Nagender Madavaram: The world was affected by pandemic but Montgomery County has an advantage in the pandemic. AstraZeneca and other biotech companies are located in the County. They are involved in vaccine research and clinical research. The County has advantages geographically, as well as in technology. Is the County exploring its advantages for business development?

Nancy Navarro: Absolutely, I think that we are exploring advantages and making sure that we are getting jobs and generating income. We have incredible opportunities. I also wanted to reset the perception because sometimes we start going into some rhetoric as if Montgomery County is a horrible place for business. Every day I see an announcement of a new company coming to our county or expanding especially in the biotech life science field. The narrative is so important. Do we have to be a lot more aggressive? Do we need to make sure that we’re constantly marketing the county? Do we push back very hard on a Washington Business Journal article where County Executive Elrich was being very negative about Viva White Oak? The Council sent a letter and we pushed very hard against them because we believe differently, we think that wherever we have opportunities, we need to leverage them. The truth is Montgomery County is a very strong county. If we weren’t, we would not have retained our AAA bond rating from Wall Street. Over all these years the county is going very strong. It has assets that have to be leveraged and at the same time we also have to remember that when we talk about equity sometimes people think Oh my gosh, here we go. It is not another government relief program. Equity is about shared prosperity, so if Viva White Oak and the east county is able to be realized, that means you’re creating a life-sized biotech village in the east county. There are going to be job opportunities for people that are starting out at a graduate level. There will be opportunities for everybody. We have an election coming up. Whoever becomes the County Executive, I believe that you have to have a balanced approach, especially in a county like ours because it’s a very wealthy county. It is home to a lot of businesses and companies but you also have growing poverty. You can’t let one or the other get out of balance. That’s the challenge. I am a strong believer in pushing for aggressive economic development so that we can have the revenues to expand the opportunities. That is what I have always tried to do. I believe there’s definitely a lot of room for improvement, and hopefully this next election hopefully voters are asking these questions as well.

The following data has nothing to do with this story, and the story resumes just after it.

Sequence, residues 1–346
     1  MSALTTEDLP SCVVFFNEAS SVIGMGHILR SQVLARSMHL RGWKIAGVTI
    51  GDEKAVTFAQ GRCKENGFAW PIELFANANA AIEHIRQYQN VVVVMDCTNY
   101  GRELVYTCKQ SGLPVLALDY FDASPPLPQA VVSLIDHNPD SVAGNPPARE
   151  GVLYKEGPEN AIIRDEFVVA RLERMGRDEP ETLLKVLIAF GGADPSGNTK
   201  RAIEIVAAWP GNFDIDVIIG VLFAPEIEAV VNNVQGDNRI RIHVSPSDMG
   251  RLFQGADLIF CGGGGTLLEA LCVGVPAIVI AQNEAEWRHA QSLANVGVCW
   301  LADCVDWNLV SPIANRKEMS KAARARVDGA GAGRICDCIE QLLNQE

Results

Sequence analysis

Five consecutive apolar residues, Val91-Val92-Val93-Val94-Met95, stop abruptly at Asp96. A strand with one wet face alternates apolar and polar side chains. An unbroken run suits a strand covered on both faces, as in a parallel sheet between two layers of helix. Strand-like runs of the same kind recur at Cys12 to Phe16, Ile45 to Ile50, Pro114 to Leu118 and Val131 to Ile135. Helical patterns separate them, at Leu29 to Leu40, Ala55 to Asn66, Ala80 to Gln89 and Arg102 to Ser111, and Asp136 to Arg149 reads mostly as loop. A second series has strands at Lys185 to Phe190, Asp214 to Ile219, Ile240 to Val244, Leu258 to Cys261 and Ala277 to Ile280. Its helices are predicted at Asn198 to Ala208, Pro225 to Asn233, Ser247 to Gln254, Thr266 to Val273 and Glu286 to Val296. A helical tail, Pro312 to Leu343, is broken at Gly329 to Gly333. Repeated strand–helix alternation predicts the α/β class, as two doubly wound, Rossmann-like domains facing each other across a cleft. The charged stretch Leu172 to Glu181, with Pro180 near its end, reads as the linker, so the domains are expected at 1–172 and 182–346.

Nagender Madavaram: Particularly, Black and Hispanic youth are not getting high paid jobs due to lack of necessary skills in latest technology. It is proven that the current system is not working. It’s just now you said that Hispanics and Blacks are affected by pandemic. There is a correlation between education and the workplace because low skilled persons are working on the site and getting sick with Covid whereas high-tech employees are working from home in a safe zone. There should be an equal opportunity for everyone to get access to high-tech knowledge. What steps would you take to provide the latest technology training to disadvantaged sections.